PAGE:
He entered politics relatively late, and when asked why he left a comfortable academic life, he says with characteristic modesty: 'I could see that there were things that needed to be done, and I thought I might be able to help.' Francis Urquhart has a charming line in self-deprecation. He has said on more than one occasion: 'I'd never claim to be a clever man - I should like to be thought of as a wise man, but I'm afraid the best they're likely to say about me is that I was a sound man.' Most of those who know him think be is a very clever man indeed, not least in his ability to disguise it.
He has always been a well-respected man, and rose steadily to the position of Chief Whip, where his skills were legendary. Few people saw the leadership potential in those years - he was usually described as a formidably efficient party functionary and a good man in a tight spot. If he harboured strong political views in those days, he kept them very close to his chest. 'FU worked like a tiger for Charles Collingridge (then prime minister) until poor Charlie's position was untenable, and even after that he held back. I don't think he particularly wanted to be leader really - he just realised that he was the only man who could kick the bloody country back into shape.' Thus the Rt Hon Timothy Stamper, the Prime Minister's oldest political friend, and now Chief Whip in his turn.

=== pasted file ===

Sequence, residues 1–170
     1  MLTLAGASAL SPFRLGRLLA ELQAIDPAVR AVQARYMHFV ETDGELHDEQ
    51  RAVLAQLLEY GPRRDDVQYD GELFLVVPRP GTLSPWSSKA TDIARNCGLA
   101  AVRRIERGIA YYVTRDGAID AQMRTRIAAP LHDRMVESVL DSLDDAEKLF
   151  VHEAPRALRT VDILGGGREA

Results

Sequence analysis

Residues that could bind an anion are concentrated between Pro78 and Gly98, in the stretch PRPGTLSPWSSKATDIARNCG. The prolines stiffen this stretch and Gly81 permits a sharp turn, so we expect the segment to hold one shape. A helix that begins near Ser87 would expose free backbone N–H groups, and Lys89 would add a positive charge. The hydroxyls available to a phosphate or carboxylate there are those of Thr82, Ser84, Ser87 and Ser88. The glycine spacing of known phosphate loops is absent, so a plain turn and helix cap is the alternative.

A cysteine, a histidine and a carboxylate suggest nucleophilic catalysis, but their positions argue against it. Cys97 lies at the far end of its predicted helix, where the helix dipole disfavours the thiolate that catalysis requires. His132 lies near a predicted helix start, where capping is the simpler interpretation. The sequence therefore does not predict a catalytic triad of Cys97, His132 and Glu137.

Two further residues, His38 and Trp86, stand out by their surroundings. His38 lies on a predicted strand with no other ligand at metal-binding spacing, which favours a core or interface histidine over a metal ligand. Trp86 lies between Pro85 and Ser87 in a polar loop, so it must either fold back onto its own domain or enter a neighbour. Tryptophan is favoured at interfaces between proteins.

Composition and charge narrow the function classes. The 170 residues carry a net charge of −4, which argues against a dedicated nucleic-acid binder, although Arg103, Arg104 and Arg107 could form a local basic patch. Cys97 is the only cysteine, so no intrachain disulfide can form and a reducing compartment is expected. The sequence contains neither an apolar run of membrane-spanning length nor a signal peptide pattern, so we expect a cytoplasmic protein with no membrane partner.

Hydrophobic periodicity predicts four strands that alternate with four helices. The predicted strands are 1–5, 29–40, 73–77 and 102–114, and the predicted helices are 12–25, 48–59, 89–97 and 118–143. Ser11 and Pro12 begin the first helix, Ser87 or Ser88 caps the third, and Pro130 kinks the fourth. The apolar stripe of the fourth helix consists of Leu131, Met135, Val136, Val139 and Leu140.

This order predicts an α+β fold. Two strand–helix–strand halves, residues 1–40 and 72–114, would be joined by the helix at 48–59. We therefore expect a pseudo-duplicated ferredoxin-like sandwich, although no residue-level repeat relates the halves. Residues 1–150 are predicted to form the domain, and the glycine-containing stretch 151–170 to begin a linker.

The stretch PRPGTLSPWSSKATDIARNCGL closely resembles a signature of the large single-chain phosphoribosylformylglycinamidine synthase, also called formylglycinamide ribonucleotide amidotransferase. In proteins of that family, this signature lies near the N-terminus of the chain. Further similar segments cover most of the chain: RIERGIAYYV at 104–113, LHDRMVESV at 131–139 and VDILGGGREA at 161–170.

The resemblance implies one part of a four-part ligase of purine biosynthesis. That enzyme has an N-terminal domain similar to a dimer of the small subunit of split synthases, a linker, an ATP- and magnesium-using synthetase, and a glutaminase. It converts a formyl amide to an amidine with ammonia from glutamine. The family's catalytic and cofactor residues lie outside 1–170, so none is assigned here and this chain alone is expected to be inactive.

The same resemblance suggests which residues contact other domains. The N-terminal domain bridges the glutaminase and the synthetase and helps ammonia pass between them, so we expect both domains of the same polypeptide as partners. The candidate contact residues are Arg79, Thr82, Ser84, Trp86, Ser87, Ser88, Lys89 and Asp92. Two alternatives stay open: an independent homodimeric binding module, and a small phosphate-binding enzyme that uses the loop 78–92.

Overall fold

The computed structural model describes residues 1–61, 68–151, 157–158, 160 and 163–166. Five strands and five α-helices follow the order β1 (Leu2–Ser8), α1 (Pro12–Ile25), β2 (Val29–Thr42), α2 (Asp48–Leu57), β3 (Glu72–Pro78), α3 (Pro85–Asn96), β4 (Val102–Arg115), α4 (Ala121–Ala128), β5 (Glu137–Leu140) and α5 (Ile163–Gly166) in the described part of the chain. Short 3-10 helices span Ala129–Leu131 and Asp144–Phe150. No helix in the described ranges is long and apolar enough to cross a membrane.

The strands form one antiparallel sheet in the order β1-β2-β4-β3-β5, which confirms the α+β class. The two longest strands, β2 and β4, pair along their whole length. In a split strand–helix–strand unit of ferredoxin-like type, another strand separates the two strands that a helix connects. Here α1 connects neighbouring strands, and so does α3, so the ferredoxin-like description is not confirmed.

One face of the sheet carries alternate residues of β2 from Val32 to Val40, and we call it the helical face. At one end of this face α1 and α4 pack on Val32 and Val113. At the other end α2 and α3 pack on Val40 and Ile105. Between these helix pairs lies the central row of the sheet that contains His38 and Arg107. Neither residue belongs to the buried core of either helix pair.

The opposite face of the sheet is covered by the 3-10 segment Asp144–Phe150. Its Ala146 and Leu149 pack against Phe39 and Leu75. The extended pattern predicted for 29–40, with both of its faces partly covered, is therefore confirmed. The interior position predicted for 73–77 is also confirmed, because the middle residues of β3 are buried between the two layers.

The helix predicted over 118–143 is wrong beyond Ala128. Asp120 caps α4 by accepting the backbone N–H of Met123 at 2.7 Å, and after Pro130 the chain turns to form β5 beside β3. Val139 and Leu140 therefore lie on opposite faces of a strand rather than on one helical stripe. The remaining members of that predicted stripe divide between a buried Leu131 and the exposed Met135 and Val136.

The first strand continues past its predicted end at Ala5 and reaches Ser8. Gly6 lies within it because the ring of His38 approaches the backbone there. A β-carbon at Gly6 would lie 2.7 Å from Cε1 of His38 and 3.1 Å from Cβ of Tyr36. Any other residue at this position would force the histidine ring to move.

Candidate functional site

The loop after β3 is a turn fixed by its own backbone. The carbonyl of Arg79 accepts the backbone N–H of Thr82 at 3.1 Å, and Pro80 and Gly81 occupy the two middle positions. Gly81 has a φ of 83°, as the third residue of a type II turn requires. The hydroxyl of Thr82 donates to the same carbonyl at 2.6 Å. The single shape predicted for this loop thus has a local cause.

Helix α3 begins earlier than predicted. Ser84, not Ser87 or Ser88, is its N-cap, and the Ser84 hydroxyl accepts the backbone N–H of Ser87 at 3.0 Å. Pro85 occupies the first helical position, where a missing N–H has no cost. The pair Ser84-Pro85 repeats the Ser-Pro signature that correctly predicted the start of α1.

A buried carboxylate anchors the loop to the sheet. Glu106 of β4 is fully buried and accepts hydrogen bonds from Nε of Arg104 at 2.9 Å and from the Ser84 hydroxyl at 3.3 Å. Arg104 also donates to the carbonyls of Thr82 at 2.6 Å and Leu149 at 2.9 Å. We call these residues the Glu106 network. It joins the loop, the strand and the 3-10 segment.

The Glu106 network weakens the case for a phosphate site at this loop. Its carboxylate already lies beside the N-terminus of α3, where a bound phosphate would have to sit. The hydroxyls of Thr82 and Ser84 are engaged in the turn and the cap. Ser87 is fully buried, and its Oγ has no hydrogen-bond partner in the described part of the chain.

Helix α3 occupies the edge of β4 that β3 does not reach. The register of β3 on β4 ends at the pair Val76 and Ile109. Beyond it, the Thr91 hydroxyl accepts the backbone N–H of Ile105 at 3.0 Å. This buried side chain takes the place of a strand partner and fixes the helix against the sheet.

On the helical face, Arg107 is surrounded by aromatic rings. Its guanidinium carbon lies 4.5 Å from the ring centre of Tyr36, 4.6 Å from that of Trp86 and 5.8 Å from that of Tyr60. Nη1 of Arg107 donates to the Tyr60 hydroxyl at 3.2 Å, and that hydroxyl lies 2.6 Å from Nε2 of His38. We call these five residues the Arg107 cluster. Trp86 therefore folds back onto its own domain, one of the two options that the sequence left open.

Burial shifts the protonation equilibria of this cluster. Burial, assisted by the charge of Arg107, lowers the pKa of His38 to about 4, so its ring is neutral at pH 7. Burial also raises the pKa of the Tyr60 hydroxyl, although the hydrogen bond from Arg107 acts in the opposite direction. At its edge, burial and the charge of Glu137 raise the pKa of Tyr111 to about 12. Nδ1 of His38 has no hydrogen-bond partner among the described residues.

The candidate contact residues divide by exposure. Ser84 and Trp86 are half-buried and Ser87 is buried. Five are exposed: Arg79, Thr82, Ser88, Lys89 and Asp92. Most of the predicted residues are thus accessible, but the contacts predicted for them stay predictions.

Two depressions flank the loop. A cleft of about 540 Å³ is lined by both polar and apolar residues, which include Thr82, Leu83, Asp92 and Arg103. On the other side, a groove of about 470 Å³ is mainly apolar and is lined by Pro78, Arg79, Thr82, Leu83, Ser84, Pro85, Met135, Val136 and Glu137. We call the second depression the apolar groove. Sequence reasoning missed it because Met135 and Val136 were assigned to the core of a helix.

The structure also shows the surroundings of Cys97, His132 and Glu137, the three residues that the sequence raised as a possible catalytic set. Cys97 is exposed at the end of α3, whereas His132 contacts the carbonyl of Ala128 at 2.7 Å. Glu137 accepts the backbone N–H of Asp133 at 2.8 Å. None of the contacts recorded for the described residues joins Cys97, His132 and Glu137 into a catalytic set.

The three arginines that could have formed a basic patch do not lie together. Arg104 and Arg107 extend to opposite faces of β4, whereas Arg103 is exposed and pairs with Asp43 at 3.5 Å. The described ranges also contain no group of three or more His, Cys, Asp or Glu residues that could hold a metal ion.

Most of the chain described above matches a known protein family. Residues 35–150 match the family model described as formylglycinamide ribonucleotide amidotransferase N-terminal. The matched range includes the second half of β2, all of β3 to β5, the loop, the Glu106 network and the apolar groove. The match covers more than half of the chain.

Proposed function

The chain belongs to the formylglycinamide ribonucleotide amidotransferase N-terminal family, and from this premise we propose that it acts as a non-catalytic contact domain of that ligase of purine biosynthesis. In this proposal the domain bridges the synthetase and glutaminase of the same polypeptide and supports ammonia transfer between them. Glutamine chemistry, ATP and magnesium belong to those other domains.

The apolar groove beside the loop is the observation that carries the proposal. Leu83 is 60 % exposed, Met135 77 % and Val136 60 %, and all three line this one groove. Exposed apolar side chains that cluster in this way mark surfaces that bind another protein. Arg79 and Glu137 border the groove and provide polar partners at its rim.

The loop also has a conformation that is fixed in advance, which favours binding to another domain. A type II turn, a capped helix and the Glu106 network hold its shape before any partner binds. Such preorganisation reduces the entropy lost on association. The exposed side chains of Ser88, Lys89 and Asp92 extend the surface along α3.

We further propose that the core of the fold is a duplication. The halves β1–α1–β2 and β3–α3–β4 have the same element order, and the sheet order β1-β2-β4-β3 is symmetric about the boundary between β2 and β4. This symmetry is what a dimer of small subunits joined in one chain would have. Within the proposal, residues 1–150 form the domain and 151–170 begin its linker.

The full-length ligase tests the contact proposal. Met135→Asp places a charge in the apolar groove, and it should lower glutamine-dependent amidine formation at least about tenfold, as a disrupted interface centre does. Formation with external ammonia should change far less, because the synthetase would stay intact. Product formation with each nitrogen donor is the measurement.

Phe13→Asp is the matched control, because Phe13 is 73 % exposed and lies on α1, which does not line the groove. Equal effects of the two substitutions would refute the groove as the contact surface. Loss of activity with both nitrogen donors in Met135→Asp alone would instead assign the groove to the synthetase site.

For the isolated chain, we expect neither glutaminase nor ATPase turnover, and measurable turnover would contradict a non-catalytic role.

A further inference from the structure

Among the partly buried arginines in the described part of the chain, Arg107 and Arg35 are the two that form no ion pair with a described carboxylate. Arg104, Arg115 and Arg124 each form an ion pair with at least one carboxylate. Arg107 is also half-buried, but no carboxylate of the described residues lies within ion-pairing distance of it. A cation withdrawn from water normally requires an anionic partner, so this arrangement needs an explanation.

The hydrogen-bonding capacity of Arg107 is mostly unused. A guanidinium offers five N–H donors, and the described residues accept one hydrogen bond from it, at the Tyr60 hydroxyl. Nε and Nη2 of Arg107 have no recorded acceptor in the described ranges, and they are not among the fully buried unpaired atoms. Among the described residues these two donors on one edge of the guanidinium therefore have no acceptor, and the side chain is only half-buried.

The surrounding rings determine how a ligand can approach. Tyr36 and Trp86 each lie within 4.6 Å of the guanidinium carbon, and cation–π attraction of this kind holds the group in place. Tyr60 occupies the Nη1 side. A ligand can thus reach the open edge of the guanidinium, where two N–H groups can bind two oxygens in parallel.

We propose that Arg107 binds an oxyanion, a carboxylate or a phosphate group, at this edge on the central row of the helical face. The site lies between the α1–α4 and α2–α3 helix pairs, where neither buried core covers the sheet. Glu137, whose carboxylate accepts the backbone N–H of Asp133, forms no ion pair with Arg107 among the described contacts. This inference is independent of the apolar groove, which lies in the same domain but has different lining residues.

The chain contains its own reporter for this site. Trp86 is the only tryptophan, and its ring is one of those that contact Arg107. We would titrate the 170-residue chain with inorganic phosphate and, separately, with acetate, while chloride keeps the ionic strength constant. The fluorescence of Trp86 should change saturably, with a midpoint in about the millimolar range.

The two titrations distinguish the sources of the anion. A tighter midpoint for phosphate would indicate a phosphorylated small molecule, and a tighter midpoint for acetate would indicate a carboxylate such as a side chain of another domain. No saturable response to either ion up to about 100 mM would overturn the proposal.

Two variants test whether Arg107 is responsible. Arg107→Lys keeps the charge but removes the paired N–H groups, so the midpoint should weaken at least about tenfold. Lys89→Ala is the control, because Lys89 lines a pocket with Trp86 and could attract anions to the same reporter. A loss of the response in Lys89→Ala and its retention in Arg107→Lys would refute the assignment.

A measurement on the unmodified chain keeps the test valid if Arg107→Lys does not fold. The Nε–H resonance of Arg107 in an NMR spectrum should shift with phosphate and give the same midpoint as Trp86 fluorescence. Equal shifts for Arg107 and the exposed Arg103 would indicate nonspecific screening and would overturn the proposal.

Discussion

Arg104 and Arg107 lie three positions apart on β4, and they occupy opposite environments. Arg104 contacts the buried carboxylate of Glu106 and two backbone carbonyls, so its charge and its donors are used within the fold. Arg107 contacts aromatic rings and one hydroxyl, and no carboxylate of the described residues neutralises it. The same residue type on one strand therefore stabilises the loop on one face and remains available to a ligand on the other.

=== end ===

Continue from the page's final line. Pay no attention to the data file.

Charles Collingridge was once described as 'that nice man who talked about the classless society and never got anything done because he was too anxious to be liked'. One thing no one has ever said about Francis Urquhart is that he is over-anxious to be liked - it is said that he relishes the 'Eff You]' soubriquet bestowed on him by the tabloids.
Urquhart is fond of saying he is a straightforward old-fashioned no-nonsense Tory. That is true as far as it goes, but it is a gross oversimplification. He has harnessed the instinctive assumptions of the traditional Tory grandee to the ruthless logic of the radical Right, whose policies and philosophy he has pursued with such remarkable success. FU appeals to Old England, but he appeals to Essex Man just as strongly.